I personally use isometric exercises with my clients primarily when working on postural and alignment issues. Although, there are some beneficial uses for athletes also when doing some isometric core exercises.
All that said, I can think of a few instances where isometrics wouldn't be terrible for a fighter. The first that comes to mind is for the lower back, and the posterior chain in general. There's a lot of positioning work and posturing up, especially in the ground game. Another that comes directly to mind is fighting off an armbar. Isometric exercises could be used to improve strength at specific points in the elbow. And that could expand to a number of other submissions.
Though now that I think about it, most of these situations I can think of have to do with grappling. I can't, off the top of my head, think of a good reason for a striker to do them–with the exception of a few basic core conditioning exercises.
Here's the basic rule of thumb in ALL physical training. You get what you train for, both in your MA classes, and in the weight room:
If you're training to move; your weights should move.
If you're training to stand still; your weights should stand still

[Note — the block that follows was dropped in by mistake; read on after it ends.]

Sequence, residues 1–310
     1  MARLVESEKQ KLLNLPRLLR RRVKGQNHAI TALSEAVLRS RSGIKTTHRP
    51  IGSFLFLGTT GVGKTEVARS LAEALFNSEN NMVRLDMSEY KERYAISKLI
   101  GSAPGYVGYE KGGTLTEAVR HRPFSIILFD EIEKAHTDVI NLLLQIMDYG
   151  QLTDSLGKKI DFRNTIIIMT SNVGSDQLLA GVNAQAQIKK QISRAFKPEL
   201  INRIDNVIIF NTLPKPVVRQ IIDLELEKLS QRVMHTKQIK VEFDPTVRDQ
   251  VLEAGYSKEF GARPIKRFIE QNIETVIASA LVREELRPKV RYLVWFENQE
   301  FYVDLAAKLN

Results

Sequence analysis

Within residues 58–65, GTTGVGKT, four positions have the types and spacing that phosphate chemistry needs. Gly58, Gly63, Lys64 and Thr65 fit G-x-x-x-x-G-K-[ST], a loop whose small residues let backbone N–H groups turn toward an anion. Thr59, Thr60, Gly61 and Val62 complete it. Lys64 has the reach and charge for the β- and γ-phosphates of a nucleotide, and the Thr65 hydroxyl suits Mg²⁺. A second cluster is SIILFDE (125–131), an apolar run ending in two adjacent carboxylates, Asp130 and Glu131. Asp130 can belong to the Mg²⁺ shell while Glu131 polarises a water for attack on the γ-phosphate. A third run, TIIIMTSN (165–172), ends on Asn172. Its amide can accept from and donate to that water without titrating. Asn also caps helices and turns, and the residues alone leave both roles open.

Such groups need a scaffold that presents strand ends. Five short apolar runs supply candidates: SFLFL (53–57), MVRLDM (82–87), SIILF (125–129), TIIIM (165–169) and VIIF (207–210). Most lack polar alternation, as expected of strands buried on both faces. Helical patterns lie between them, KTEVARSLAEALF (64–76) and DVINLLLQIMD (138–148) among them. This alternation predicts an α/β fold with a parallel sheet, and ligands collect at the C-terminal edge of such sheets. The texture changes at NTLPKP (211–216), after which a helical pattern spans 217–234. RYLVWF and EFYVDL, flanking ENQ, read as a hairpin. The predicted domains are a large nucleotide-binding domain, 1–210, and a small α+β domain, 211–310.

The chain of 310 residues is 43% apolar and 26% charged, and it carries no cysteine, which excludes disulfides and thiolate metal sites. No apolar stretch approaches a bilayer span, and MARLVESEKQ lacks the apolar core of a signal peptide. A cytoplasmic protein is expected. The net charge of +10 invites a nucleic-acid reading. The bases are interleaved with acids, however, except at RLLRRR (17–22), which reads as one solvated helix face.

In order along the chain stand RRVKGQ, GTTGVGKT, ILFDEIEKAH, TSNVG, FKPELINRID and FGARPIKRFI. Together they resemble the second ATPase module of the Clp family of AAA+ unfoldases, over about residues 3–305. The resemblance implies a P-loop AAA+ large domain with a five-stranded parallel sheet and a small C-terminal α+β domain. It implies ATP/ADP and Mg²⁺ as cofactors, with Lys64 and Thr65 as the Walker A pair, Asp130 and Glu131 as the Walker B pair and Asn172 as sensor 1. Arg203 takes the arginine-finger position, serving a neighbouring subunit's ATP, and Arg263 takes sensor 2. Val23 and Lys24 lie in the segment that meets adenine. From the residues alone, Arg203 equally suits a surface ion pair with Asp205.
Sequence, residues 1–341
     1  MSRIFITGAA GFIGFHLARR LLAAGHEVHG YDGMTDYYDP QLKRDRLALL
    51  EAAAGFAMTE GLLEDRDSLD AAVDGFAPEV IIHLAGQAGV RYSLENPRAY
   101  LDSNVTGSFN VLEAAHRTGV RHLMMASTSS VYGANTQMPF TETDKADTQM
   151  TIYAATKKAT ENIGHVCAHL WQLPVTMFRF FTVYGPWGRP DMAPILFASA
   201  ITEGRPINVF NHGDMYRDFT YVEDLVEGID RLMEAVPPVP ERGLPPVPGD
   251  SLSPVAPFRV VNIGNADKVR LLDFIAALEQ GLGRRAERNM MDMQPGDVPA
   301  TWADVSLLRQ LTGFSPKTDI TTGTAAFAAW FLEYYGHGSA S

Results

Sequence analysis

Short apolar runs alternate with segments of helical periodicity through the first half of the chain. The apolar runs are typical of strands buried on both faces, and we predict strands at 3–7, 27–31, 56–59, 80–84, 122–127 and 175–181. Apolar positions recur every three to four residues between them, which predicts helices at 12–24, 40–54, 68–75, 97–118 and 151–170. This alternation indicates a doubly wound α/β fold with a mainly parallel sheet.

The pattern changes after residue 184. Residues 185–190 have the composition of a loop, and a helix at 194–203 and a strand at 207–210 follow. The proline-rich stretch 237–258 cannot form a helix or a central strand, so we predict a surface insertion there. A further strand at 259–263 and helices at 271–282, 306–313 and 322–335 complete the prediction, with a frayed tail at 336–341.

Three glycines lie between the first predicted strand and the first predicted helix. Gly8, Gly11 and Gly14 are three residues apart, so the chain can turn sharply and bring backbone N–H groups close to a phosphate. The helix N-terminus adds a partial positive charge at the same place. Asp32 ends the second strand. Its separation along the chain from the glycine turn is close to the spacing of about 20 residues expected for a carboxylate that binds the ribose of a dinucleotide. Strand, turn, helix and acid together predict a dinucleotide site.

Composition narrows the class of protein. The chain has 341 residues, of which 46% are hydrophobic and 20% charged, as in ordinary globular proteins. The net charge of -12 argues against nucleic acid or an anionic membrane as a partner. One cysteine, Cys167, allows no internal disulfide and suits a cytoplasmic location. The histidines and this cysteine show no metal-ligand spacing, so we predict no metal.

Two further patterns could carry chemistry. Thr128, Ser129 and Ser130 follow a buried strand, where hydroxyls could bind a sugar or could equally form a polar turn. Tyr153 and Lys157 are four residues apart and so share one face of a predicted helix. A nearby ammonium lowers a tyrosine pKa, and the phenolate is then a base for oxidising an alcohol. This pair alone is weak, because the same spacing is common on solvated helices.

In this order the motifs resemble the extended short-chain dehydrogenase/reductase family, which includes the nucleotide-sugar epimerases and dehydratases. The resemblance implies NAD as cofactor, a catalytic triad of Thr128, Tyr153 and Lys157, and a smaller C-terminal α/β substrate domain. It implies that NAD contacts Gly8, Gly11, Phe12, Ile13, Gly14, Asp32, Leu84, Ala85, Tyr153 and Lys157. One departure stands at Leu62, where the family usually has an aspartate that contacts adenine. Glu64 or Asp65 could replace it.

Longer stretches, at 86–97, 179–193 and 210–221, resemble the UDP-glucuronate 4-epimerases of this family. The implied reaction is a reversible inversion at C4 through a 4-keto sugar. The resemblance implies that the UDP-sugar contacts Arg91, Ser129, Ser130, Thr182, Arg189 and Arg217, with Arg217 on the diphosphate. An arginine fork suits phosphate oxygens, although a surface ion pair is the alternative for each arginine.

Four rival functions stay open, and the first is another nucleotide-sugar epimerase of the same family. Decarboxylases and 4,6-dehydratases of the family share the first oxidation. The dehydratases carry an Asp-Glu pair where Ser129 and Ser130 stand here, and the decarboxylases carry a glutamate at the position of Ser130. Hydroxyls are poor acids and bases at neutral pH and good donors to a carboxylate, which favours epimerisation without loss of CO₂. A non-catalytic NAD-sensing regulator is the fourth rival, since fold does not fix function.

3/27/2012 4:20pm, #4
wall siting is fun.
also, I have a general rule to always practice isometrics against someone who has me in the mount, I basically try to push them off of me as hard as I can with both arms. I usually get arm barred but it's a great workout up until then."Judo is a study of techniques with which you may kill if you wish to kill, injure if you wish to injure, subdue if you wish to subdue, and, when attacked, defend yourself" - Jigoro Kano (1889)
***Was this quote "taken out of context"?***
"The judoist has no time to allow himself a margin for error, especially in a situation upon which his or another person's very life depends...."
~ The Secret of Judo (Jiichi Watanabe & Lindy Avakian), p.19
"Hope is not a method... nor is enthusiasm."
~ Brigadier General Gordon Toney
3/27/2012 5:50pm, #5